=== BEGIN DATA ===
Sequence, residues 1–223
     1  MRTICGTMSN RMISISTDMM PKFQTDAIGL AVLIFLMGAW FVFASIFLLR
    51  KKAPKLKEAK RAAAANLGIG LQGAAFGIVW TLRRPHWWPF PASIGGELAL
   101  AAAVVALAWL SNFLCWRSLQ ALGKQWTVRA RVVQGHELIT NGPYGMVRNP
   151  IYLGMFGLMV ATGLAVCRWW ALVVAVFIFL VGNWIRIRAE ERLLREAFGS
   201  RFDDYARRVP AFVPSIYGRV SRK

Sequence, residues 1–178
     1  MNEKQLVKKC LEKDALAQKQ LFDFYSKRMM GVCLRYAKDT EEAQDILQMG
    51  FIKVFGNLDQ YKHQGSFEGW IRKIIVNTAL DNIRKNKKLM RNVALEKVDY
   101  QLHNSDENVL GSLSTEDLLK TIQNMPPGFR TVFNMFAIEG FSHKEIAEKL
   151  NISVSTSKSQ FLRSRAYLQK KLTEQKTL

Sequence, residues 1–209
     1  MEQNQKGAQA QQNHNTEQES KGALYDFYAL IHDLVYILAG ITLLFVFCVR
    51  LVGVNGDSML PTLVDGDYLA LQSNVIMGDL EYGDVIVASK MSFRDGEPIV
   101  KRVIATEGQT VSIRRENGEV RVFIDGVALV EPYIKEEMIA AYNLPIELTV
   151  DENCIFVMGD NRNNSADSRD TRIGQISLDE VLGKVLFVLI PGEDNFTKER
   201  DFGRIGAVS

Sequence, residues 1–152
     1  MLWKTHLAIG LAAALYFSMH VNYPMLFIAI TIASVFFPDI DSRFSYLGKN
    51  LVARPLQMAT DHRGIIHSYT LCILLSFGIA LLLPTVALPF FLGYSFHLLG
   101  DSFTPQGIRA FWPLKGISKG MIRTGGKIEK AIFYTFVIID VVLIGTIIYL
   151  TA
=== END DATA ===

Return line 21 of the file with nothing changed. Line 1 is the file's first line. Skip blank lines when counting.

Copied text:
   101  DSFTPQGIRA FWPLKGISKG MIRTGGKIEK AIFYTFVIID VVLIGTIIYL